Avoiding Food Allergens

An allergen is anything that causes an allergic reaction, such as certain foods. People can be allergic to almost any food, but for labelling purposes the most common food allergens are known as “priority” or “major” allergens.  There are different ways to come in contact with a food allergen, such as: eating, touching and in rare cases, inhaling the food protein.  Contact with the nose and eyes can also cause a reaction.  Understanding how to avoid contact with a food allergen will help prevent allergic reactions.

Oral ingestion (mouth)

Eating an allergen causes most serious reactions.  Other ways that allergens could be ingested are through saliva (e.g. kissing) or cross-contamination.5 Even ingesting a small amount of a food allergen can cause a reaction.  Most of these reactions can be prevented by reading labels and taking steps to prevent cross-contamination.
Oral Ingestion of Allergens (200px)

Skin contact (touch)

Skin contact can cause hives or other skin symptoms where the allergen touches the skin.  In most cases, healthy skin does a good job of keeping allergens out of our bodies, and serious reactions from skin contact are rare.6 7 If an allergen comes in contact with skin, wash it off to decrease the chance that it will accidentally get into the mouth, eyes or nose (where it can possibly cause a more serious reaction).  This is why washing hands before eating or touching the eyes, nose or mouth is important.8 Keep in mind that people, especially young children, frequently touch their mouths, as well as their eyes and nose. 9 10
Skin Contact with Food Allergens

Inhalation (breathing in)

In some cases, allergic reactions can happen when food proteins are inhaled through the air, such as:

  • In steam from cooking food (e.g. sizzling fish)
  • When food in a powdered form is released into the air (e.g. blowing powdered milk)
  • When small amounts get into the air when food is crushed or ground (e.g. tree nuts). 8

These reactions are usually mild, but in rare cases people have had severe reactions.6 8 11

Inhalation of Food Allergen (200px)

The smell of a food alone cannot cause an allergic reaction.  The smell is caused by volatile organic compounds (VOCs), which are not proteins.

Teaching Children - handprint 50px

Teaching Children
Here are some simple rules to teach your child and things for them to keep in mind:

  • Wash your hands before eating or touching your nose, eyes or mouth.
  • Only eat food that is made for you.  It’s not safe to share food.
  • Don’t share spoons, forks, knives, cups, bottles or straws.
  • If you get an allergen on your skin, ask an adult for help, clean it off and wash your hands.

Girl with funny faceMake hand-washing fun for young kids – sing a song that lasts about 30 seconds.

5.           Maloney, J.M., Chapman, M.D., and Sicherer, S.H. “Peanut allergen exposure through saliva: Assessment and interventions to reduce exposure.” The Journal of Allergy and Clinical Immunology 118.3 (2006): 719-724.
6.           Simonte, S.J. et al. “Relevance of casual contact with peanut butter in children with peanut allergy.” The Journal of Allergy and Clinical Immunology 112.1 (2003): 180-182.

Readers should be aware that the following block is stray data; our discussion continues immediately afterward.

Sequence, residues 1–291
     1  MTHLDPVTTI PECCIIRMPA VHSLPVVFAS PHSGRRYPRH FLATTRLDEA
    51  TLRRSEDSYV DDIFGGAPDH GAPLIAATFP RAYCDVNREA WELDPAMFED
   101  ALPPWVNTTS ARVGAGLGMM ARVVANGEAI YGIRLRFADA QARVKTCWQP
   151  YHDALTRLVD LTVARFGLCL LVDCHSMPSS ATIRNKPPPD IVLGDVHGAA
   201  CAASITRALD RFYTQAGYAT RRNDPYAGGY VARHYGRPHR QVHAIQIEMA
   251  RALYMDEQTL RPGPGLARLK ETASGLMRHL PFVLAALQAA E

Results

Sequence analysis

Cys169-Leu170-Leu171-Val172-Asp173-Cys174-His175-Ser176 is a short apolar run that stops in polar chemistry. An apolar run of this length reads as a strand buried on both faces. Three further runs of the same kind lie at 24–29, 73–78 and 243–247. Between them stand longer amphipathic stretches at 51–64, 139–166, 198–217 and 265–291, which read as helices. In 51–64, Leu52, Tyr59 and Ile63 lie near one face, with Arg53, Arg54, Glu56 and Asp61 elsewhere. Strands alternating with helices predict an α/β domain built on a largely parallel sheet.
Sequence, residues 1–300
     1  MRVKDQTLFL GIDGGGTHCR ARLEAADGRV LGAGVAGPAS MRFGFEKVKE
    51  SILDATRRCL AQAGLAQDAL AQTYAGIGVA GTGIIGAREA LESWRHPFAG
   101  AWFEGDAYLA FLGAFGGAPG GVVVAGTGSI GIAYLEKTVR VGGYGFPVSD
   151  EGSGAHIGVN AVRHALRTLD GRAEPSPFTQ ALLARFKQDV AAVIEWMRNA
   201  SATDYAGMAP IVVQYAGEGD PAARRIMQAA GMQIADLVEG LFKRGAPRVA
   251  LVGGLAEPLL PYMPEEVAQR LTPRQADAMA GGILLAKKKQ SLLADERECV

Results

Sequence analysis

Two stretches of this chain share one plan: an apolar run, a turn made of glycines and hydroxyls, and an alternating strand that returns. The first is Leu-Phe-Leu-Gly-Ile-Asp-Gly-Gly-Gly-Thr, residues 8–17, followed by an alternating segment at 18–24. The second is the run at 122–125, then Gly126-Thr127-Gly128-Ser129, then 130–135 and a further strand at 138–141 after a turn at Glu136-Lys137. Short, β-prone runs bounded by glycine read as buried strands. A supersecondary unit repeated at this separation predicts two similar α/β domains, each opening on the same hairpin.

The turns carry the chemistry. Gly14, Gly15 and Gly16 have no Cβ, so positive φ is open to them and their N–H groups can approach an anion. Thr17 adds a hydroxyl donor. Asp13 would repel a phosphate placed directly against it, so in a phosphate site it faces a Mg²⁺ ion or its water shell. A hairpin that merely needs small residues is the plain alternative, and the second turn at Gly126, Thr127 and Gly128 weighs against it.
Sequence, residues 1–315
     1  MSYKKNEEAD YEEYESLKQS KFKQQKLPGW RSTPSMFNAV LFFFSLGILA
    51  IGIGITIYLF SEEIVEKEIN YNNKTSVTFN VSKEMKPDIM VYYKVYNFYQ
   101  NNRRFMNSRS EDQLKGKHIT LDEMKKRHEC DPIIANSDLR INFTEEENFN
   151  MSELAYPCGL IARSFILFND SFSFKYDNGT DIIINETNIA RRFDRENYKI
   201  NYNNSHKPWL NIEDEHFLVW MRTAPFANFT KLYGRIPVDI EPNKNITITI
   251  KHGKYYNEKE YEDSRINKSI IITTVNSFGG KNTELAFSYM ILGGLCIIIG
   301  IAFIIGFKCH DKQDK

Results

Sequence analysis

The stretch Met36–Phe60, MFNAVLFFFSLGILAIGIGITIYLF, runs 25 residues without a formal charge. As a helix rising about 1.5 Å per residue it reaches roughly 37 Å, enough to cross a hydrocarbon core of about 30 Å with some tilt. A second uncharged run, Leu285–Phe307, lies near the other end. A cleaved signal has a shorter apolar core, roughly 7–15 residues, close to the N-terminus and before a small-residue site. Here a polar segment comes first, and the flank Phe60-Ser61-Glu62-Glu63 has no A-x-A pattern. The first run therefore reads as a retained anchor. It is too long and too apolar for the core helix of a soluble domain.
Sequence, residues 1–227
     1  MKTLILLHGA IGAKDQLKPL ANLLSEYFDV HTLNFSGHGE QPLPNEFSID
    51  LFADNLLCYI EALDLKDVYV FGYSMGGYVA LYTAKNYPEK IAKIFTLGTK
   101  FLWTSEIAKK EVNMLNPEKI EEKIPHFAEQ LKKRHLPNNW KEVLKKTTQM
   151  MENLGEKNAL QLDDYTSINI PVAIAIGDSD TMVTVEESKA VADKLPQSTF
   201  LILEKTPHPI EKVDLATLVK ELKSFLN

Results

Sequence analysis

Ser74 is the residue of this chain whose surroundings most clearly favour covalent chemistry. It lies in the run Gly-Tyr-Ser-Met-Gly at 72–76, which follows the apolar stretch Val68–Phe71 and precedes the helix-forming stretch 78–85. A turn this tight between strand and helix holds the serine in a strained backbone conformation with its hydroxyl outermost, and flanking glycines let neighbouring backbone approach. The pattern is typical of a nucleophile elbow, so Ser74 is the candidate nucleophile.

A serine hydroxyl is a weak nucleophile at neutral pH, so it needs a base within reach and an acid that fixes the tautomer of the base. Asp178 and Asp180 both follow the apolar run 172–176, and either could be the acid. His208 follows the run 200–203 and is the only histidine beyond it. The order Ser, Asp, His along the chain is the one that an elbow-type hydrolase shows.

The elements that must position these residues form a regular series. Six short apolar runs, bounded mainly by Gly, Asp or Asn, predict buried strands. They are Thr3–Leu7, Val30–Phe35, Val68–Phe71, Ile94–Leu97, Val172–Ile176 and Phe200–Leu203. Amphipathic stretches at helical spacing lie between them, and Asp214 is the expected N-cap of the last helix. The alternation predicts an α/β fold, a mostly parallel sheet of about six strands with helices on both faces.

7.           Wainstein, B.K. et al. “Combining skin prick, immediate skin application and specific-IgE testing in the diagnosis of peanut allergy in children.” Pediatric Allergy and Immunology 18 (2007): 231–239.
8.           Kim, J.S. and Sicherer, S.H. “Living with Food Allergy: Allergen Avoidance.” Pediatric Clinics of North America  58.2 (2011): 459-470.
9.           Tulve, N. et al.“Frequency of mouthing behavior in young children.” Journal of Exposure Analysis and Environmental Epidemiology 12 (2002): 259–264.
10.        Nicas, M., and Best, D.J. “A study quantifying the hand-to-face contact rate and its potential application to predicting respiratory tract infection.” Journal of Occupational Environmental Hygiene 5.6 (2008): 347-52.
11.        Roberts, G., Golder, N. and Lack, G. “Bronchial challenges with aerosolized food in asthmatic, food-allergic children.” Allergy 57.8 (2002): 713-7.



The information in this handbook is for educational purposes only. It is meant to help people learn how to manage a child’s allergies. It is not meant to give specific medical advice, recommendations, diagnosis, or treatment.

Readers should not rely on any information contained in this handbook as a replacement or substitute for professional medical advice or diagnosis or treatment. Nor should they delay getting professional medical advice or treatment because of information contained in this handbook. Medical knowledge is constantly developing.

Please speak with your child’s doctor or other healthcare professional before making any medical decision that affects your child or if you have any questions or concerns about their food allergies.

The authors of this handbook – Michael Pistiner, Jennifer LeBovidge and Anaphylaxis Canada – as well as individual contributors and reviewers will not be held responsible for any action taken or not taken based on/or as a result of the reader’s interpretation (understanding) of the information contained herein.

Please note that AllergyHome is not affiliated with Boston Children’s Hospital

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